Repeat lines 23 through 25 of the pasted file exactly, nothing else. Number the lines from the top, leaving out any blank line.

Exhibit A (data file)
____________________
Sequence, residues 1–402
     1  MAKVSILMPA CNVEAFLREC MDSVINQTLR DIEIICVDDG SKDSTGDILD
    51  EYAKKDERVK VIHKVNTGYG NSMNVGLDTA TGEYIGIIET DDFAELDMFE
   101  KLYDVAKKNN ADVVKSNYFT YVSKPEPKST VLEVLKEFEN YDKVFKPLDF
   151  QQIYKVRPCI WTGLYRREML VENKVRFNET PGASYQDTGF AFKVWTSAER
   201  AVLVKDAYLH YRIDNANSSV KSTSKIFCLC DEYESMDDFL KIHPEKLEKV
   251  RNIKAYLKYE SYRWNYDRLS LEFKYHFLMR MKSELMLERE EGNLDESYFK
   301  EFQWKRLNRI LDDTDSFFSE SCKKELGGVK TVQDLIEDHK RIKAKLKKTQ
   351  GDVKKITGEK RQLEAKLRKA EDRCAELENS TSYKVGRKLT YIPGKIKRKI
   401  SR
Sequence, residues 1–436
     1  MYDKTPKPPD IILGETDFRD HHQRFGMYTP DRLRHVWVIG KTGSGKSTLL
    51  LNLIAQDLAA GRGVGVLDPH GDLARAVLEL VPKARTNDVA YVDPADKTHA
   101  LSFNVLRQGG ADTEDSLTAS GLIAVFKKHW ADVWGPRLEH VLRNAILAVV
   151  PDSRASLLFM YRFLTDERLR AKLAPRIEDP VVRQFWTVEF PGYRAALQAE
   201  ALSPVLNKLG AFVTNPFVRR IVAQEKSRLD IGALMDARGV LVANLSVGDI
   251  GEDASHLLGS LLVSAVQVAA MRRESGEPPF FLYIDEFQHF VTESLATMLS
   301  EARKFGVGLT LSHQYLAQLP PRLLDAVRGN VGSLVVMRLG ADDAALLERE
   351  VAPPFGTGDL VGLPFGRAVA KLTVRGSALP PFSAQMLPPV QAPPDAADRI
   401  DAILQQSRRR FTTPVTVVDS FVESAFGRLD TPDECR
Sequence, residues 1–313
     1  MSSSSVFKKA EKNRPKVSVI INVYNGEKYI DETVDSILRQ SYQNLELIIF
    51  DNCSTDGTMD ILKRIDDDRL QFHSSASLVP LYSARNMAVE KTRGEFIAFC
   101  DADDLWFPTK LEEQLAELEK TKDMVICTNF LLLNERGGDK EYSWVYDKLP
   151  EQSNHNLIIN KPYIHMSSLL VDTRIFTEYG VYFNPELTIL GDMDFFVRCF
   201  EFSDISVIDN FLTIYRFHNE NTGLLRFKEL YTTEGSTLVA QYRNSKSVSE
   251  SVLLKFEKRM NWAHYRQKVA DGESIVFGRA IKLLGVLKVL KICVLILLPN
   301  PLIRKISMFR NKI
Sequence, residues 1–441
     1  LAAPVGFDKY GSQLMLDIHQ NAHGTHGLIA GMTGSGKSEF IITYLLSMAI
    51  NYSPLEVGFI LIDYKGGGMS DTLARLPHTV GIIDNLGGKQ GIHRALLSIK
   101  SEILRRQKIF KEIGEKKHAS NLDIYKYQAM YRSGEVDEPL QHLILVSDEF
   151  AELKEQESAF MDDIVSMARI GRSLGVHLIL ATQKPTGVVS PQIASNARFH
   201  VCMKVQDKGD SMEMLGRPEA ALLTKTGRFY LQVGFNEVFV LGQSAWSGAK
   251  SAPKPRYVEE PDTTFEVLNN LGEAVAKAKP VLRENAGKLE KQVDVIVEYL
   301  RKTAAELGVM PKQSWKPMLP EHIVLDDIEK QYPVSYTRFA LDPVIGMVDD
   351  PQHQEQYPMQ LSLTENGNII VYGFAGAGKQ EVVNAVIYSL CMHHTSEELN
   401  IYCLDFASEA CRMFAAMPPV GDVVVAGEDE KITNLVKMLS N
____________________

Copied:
    51  DNCSTDGTMD ILKRIDDDRL QFHSSASLVP LYSARNMAVE KTRGEFIAFC
   101  DADDLWFPTK LEEQLAELEK TKDMVICTNF LLLNERGGDK EYSWVYDKLP
   151  EQSNHNLIIN KPYIHMSSLL VDTRIFTEYG VYFNPELTIL GDMDFFVRCF